Interview with Dr. Ben Lynch- The Importance of Nutrigenomics

Benjamin Lynch, ND has a passion for identifying the cause of diseases, which directed him towards nutrigenomics and methylation dysfunction. Currently, he researches, writes and presents worldwide on the topic of MTHFR and methylation defects. You may learn more about Dr. Lynch and his work at www.MTHFR.net. Dr. Lynch is also the President & CEO of www.SeekingHealth.com, a company oriented towards disease prevention and health promotion.

Nutrigenomics is the study of how food affects our genes and how individual genetic differences can affect the way we respond to nutrients (and other naturally occurring compounds) in the food we eat. Nutrigenomic research focuses on identifying and understanding molecular-level interactions between nutrients and our genome. Learn why understanding nutrigenomics and methylation pathways are critical to optimizing the health of your patients!

Where Do You Start?

Dr. Lynch recommends starting with a very thorough history, getting all the information you can. Remember a good history starts as far back as when the patient was in utero. Look at the patient’s environment including food, water source and their lifestyle. It is essential to start with the fundamentals, such as lifestyle and diet to create a strong foundation for future treatments.

Before giving a patient supplements it’s important to remember many pathways can be affected by just one nutrient. The body doesn’t work by isolating one gene with just one nutrient. This means a nutrient can potentially affect hundreds of genes or even thousands of genes indirectly. As a result you can’t treat genes as if they are isolated, which is where Dr. Lynch’s unique pathway planner comes into play.

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Understanding the WHY’s at a Molecular Level

If a patient is not responding to lifestyle and diet changes, then it is time to move on to more specific treatments. In order to look at the whole picture, Dr. Lynch has created a map that integrates genetic tests and lab results to create a comprehensive plan. He begins by having his patients do lab testing such as an organic acids test, a nutrition test, a methylation profile, a urinary hormones test, a full thyroid panel and a genetic test through 23andme. Dr. Lynch gave recommendations of companies he uses for each test in order to get the most accurate results in his interview.

Dr. Lynch recommends diagraming the whole thing out, including the genetic data from 23andme and all the lab results in order to get the best overview. He takes this pathway planner and starts by looking at the nutrient deficiencies to see the symptoms they are causing. Then he categorizes the symptoms to see what genes and pathways have been slowed down or sped up.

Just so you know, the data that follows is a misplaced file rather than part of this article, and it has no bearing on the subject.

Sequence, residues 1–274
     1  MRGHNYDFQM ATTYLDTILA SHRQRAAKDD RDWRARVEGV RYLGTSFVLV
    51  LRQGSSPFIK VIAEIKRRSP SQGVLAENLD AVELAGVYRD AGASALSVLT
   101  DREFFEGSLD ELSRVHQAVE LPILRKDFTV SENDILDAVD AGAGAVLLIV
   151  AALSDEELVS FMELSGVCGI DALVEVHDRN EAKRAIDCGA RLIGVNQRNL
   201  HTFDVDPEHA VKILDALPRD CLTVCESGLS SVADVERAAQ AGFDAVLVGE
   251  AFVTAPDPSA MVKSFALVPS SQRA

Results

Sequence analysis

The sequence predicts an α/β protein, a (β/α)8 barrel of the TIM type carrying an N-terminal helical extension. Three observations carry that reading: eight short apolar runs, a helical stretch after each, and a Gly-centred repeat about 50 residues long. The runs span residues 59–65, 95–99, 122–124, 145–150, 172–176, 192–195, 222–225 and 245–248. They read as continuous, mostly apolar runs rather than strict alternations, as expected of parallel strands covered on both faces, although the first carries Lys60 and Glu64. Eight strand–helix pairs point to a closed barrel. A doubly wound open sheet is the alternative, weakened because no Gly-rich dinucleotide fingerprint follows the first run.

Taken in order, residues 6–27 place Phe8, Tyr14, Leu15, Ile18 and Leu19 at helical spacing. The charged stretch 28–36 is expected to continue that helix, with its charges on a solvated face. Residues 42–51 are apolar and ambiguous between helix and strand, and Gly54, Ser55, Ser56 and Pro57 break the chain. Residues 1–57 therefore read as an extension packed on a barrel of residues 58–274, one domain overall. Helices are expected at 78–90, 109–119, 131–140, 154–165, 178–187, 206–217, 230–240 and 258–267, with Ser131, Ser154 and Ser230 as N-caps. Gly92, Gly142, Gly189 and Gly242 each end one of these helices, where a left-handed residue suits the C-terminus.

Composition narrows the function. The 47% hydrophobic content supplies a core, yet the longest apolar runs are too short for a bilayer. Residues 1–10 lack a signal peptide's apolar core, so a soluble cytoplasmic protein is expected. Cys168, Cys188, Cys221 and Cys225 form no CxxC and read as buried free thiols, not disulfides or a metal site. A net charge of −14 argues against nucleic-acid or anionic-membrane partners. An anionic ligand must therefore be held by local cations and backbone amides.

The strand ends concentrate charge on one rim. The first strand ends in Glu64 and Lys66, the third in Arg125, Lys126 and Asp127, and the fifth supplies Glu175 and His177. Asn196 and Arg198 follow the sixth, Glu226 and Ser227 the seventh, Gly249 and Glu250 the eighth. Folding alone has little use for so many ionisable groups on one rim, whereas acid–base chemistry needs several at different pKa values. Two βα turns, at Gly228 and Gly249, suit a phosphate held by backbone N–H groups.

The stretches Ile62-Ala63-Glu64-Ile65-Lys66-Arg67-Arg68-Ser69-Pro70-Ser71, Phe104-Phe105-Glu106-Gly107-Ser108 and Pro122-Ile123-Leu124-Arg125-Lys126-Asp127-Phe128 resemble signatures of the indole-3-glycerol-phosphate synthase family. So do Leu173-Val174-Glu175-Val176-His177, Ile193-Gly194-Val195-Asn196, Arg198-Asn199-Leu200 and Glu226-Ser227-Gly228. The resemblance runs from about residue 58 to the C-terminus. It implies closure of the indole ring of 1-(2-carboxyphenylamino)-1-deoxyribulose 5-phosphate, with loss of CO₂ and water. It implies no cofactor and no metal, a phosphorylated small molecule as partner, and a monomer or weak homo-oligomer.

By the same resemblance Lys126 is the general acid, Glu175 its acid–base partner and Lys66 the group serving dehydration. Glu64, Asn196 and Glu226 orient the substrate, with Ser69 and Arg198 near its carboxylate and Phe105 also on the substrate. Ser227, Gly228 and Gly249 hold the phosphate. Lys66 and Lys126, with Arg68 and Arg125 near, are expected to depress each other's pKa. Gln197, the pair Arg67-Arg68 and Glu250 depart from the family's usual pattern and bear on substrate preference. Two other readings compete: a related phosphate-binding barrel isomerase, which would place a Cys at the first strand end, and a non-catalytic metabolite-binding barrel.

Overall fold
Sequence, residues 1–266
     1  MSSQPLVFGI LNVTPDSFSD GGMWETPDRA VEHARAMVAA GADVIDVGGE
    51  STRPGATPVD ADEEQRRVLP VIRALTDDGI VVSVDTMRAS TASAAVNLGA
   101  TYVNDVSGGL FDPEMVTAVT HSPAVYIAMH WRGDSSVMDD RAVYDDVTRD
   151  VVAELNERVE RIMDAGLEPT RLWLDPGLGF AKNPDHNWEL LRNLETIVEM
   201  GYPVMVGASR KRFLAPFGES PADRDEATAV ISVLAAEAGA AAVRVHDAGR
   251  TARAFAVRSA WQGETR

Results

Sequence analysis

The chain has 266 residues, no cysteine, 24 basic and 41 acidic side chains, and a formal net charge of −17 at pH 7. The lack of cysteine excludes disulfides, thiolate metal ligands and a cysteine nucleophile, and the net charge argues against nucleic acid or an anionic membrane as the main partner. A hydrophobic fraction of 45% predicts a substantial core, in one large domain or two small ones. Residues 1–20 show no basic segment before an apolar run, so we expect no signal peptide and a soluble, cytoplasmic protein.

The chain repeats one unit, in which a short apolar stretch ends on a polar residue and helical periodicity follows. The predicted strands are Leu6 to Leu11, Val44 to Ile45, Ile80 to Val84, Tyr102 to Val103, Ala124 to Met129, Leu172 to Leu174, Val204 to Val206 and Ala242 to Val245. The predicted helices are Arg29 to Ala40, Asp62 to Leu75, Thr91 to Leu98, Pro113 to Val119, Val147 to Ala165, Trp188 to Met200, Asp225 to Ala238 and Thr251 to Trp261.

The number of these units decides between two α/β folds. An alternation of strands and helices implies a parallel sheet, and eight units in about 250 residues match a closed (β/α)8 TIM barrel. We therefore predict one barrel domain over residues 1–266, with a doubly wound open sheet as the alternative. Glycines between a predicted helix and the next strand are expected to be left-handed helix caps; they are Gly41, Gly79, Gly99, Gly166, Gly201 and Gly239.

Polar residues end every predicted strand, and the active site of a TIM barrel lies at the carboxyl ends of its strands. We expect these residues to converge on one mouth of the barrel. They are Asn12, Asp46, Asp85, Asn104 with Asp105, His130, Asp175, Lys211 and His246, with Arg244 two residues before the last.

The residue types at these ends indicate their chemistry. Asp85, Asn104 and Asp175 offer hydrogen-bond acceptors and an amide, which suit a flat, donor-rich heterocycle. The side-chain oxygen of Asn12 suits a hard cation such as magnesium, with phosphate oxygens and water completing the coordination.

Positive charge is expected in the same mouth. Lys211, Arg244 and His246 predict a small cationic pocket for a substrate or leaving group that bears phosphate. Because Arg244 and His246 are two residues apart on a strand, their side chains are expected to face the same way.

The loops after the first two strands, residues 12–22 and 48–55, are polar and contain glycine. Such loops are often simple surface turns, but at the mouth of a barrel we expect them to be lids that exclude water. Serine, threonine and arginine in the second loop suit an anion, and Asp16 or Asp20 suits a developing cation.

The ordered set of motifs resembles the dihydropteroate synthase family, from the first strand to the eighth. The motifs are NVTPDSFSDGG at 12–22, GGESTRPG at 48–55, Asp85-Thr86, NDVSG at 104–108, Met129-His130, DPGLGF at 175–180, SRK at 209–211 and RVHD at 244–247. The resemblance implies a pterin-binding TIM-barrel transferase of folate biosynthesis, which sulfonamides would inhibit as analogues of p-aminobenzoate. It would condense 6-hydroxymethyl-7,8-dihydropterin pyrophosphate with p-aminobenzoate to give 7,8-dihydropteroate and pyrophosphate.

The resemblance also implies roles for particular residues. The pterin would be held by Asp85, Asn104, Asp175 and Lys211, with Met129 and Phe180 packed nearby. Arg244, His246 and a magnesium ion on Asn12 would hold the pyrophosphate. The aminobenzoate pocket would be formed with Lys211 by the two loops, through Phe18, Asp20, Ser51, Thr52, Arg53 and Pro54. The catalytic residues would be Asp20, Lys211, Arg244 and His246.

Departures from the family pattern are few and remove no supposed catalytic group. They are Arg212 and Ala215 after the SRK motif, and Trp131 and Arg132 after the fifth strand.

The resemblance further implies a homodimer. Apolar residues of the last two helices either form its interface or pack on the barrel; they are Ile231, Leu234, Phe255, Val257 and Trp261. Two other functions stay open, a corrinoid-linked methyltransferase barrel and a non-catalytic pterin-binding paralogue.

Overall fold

After diagramming the results of multiple patients, patterns and consistencies across patients begin to become apparent.

The integration of genetic data and lab results to create a comprehensive plan allows Dr. Lynch to see which nutrients are needed and make sure other pathways aren’t going to be negatively affected or blocked down the line. It is important to take what you know as a physician and look at how everything in the body is connected to be able to properly explain to patients what is going on in their bodies.

Dr. Lynch’s Pathway Planner-Dopamine Example

Dr. Lynch also uses his pathway planner as a tool to motivate patients. He presents the pathway planner to the patient as a visual aid to show them how everything in the body is interconnected. The patient may be confused at first, but presenting them with a simplified version and repeating the different aspects of why they need to change their diet or take supplements will help to empower the patient.

When a patient comes in with varying levels of dopamine Dr. Lynch begins by looking at what creates dopamine, proteins. In today’s society people are eating mainly carbs, which causes a blood sugar imbalance and later leads to a crash. In order to heal the dopamine pathway, Dr. Lynch first recommends lifestyle interventions, such as eating more protein.

Tyrosine is one of the main precursors for dopamine, which requires iron and the biopterin cycle to function properly so often he will look at the tyrosine pathway too. If this did not fix the problem and the patient has GI symptoms, he recommends trying lemon in water, decreasing their stress levels, and giving adaptogens to help their GI symptoms. Now their GI is functioning so they can absorb proteins properly. If he/she is a sensitive patient and their dopamine levels are going up and down regardless of the current treatments put into place, there may be other causes. This can be a sign they have a genetic problem and one of their genes aren’t functioning properly. If their dopamine levels are high you can support them with sulfur supplements, vitamin C or cruciferous vegetables, which work to breakdown dopamine. Utilizing the pathway planner makes it easy to see the big picture and allows you to look at all the variables that may be affecting dopamine levels.

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Dr. Dan Kalish

Dr. Daniel Kalish is dedicated to teaching doctors Functional Medicine philosophy and practices. Through The Kalish Institute’s educational programs he has trained over 1,000 practitioners worldwide in The Kalish Method which solves patient challenges through a proven lab based approach.

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